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All About Allergies: Causes and Treatment Options

March 02, 2021

Saad Dinno, pharmacist and owner of Acton pharmacy, Keyes Drug in Newton, and West Concord Pharmacy is the presenter of A Healthier You, a show that runs on Acton TV. The goal of the show is to discuss relevant health topics and provide information to the viewers that will guide them to a healthy lifestyle.

Below is an excerpt of an interview with Dr. Sara Narayan, a Board certified allergy and immunology specialist at Allergy West in Westford, MA. She treats both pediatric and adult patients suffering from allergies. 

Saad Dinno: 

What are the causes of seasonal allergies and when do you think they start?

Dr. Narayan:

People suffer from seasonal allergies triggered by many different allergens in our environment and it depends on the season. Most seasonal allergies are triggered by a variety of different pollens: tree pollens, grass pollens; in the fall, weeds and ragweed but molds can also cause environmental allergens that can trigger or contribute to seasonal allergies as well. 

Saad Dinno: 

If you read a lot of data, a lot of allergy and asthma rates have climbed in recent decades. Could you tell us why that might be?

Dr. Narayan:

I think there’s a variety of different reasons. I think part of it is that we’re more aware of allergies. More people are getting tested, more people are being treated and taking care of their allergy and asthma symptoms. I think part of it is something called the hygiene hypothesis, which I think is partly contributing to the increase in allergies in general. What the hypothesis is based on is that we’re all too clean. We use too much hand sanitizer. We use too many antibiotics and our body just isn’t forced to mount a reaction to a lot of the infections that historically we’ve all been exposed to.  An IgE antibody, which is the antibody that causes allergies, is also meant to fight against parasitic infections. When our immune system is not forced to deal with lots of infections, it can sometimes skew down the wrong pathway, so I think that probably has contributed to allergies to some degree. 

Saad Dinno:
Interesting. So specifically in the New England region, is there any way to avoid pollen for those that are allergic to it?  And it seems with this golden dust appearing on cars, sidewalks and homes, I’m not sure how we could avoid it. 

Dr. Narayan:
Pretty hard to avoid, I mean unless you want to stay inside all spring, summer, and fall long, which most people don’t. It can be a beautiful season here in New England. Some ways to decrease exposure to the  pollens that we’re exposed to this time of year: keeping household windows closed, making sure that we’re showering every night before bed or at least rinsing off so that we’re not bringing pollen into bed with us, so that it’s not affecting us at night while we’re sleeping. Sometimes during really high pollen days, actually wearing things like sunglasses to protect the eyes so that the pollen isn’t floating directly into the eyes. If you’re outdoors mowing the lawn or doing some yard work like that, and you know that you’re really sensitive, sometimes wearing a mask can be helpful. But short of that, it’s really hard to prevent exposure.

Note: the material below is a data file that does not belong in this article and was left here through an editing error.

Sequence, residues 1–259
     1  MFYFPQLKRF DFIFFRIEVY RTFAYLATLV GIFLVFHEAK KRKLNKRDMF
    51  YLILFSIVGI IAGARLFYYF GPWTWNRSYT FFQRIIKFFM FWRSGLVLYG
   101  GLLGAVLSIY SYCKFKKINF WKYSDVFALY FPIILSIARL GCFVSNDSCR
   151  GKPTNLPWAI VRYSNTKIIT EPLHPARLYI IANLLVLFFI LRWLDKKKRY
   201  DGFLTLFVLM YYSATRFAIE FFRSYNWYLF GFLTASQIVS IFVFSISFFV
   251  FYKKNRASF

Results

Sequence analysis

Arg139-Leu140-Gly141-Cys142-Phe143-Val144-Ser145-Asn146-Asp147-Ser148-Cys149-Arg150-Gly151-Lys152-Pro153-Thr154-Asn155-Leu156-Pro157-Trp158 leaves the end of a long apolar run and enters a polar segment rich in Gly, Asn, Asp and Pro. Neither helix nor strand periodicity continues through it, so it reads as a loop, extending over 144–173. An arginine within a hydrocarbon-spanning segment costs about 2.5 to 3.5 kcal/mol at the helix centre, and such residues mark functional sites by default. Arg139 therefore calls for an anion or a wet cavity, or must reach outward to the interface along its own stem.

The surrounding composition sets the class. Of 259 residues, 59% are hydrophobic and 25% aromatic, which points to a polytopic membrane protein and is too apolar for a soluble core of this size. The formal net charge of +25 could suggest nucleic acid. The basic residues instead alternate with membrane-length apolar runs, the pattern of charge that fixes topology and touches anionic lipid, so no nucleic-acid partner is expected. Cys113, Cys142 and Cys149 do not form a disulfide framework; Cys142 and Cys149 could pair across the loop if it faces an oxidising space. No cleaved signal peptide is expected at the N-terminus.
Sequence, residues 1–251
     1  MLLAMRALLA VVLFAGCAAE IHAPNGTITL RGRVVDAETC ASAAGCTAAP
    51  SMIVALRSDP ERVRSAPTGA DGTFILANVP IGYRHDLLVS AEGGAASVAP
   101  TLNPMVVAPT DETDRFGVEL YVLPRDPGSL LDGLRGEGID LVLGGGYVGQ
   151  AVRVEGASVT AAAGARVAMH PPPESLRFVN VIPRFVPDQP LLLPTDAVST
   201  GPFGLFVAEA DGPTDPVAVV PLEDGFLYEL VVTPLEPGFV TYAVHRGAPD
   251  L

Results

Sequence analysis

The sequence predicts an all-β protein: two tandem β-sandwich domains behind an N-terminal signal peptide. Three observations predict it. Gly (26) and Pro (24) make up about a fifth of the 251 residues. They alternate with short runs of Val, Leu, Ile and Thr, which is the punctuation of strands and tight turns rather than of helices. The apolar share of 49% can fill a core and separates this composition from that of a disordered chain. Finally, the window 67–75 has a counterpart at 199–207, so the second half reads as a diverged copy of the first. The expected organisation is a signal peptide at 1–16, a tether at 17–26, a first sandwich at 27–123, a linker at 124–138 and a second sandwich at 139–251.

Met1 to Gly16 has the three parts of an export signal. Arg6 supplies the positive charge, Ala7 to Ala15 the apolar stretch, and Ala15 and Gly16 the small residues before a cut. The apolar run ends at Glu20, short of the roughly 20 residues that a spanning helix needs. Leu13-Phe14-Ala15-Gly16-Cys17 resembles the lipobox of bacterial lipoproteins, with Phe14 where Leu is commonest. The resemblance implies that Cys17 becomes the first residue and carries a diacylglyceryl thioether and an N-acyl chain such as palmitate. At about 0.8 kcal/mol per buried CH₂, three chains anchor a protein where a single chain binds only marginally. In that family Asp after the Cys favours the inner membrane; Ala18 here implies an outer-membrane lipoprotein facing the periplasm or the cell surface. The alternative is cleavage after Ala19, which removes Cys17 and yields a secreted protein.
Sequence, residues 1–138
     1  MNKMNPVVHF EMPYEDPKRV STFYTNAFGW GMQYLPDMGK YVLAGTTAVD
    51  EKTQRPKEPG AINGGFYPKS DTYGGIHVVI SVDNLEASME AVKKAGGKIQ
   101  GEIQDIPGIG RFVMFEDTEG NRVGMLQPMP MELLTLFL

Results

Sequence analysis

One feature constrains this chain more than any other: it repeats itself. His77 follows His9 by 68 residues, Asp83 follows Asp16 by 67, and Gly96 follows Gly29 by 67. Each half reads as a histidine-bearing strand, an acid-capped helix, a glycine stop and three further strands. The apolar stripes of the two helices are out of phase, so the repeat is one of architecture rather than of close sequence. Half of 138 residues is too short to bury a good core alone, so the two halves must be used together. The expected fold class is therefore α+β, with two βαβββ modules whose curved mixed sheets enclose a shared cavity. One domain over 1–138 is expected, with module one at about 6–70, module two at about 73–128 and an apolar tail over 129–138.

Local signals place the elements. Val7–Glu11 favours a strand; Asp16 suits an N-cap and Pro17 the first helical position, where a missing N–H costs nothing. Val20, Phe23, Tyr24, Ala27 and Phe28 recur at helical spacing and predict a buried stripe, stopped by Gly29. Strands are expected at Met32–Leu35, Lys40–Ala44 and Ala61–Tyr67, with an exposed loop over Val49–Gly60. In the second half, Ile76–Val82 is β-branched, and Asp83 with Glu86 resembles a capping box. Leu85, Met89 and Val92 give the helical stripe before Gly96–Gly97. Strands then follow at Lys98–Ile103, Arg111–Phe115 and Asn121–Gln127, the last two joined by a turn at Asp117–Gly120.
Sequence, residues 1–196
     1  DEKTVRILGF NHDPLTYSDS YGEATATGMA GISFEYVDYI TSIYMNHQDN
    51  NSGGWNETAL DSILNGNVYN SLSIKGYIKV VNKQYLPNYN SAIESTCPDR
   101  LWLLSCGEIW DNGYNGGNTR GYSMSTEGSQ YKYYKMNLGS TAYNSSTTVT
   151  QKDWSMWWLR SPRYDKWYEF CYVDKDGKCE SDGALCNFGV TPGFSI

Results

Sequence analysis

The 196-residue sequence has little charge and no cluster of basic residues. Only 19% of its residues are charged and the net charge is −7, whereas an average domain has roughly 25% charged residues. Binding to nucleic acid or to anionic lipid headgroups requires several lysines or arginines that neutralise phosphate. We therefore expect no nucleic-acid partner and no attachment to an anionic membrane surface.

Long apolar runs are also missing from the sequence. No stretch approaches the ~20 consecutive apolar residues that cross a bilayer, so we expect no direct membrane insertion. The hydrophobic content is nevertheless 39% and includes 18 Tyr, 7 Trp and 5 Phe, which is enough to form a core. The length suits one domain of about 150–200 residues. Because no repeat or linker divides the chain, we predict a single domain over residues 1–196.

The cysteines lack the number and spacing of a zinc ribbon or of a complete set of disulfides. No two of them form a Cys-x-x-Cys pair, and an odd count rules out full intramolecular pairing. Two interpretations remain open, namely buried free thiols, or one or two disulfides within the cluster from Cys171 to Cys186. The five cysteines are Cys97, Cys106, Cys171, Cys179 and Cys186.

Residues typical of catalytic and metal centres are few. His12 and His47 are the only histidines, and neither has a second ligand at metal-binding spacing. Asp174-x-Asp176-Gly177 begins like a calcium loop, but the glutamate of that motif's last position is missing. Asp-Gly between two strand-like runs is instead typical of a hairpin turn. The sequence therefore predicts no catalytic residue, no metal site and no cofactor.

Saad Dinno:
Does a mild or a harsh winter have any play when it comes to allergy season?

Dr. Narayan:
The earlier we start to rewarm, often the earlier the pollen is. The rainier our season is, sometimes that can play a role in there being more pollen, and also more mold spores, which contribute to a lot of people’s allergies as well. So the harsher the winter, the longer the winter, sometimes things are put off and it can kind of go both ways because if, like last winter, when it was cold and snowing for such a long time, it was late that the tree pollens were pollinating and then we had everything bloom at once, the trees and the grasses, and everyone’s kind of bombarded with two triggers so I think that played a lot of role in why last spring was so difficult.

Watch the video to get more insight on:

  1. Why allergies impact individuals differently
  2. Distinguishing allergy symptoms from the common cold
  3. Allergy treatment options including environmental control and medications such as antihistamines and nasal steroid sprays
  4. Practical ways to minimize environmental factors that contribute to allergies
  5. What is allergy immunotherapy 
  6. Mold allergens
  7. Assessing an individual’s history and allergy testing to determine the best treatment option